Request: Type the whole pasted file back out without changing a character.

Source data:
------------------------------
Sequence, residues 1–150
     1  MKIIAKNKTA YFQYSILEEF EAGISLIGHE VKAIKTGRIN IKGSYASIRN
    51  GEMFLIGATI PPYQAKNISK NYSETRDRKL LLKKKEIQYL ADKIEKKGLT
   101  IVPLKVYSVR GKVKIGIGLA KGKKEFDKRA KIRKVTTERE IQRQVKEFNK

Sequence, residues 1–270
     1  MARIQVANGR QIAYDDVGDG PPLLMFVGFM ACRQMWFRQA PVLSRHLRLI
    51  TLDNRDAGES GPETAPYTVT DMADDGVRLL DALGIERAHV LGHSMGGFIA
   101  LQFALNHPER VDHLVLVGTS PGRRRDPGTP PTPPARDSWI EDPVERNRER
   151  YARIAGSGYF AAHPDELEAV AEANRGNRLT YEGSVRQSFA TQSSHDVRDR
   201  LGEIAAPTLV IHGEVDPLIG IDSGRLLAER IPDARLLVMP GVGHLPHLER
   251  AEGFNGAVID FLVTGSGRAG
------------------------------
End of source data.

Sequence, residues 1–150
     1  MKIIAKNKTA YFQYSILEEF EAGISLIGHE VKAIKTGRIN IKGSYASIRN
    51  GEMFLIGATI PPYQAKNISK NYSETRDRKL LLKKKEIQYL ADKIEKKGLT
   101  IVPLKVYSVR GKVKIGIGLA KGKKEFDKRA KIRKVTTERE IQRQVKEFNK

Sequence, residues 1–270
     1  MARIQVANGR QIAYDDVGDG PPLLMFVGFM ACRQMWFRQA PVLSRHLRLI
    51  TLDNRDAGES GPETAPYTVT DMADDGVRLL DALGIERAHV LGHSMGGFIA
   101  LQFALNHPER VDHLVLVGTS PGRRRDPGTP PTPPARDSWI EDPVERNRER
   151  YARIAGSGYF AAHPDELEAV AEANRGNRLT YEGSVRQSFA TQSSHDVRDR
   201  LGEIAAPTLV IHGEVDPLIG IDSGRLLAER IPDARLLVMP GVGHLPHLER
   251  AEGFNGAVID FLVTGSGRAG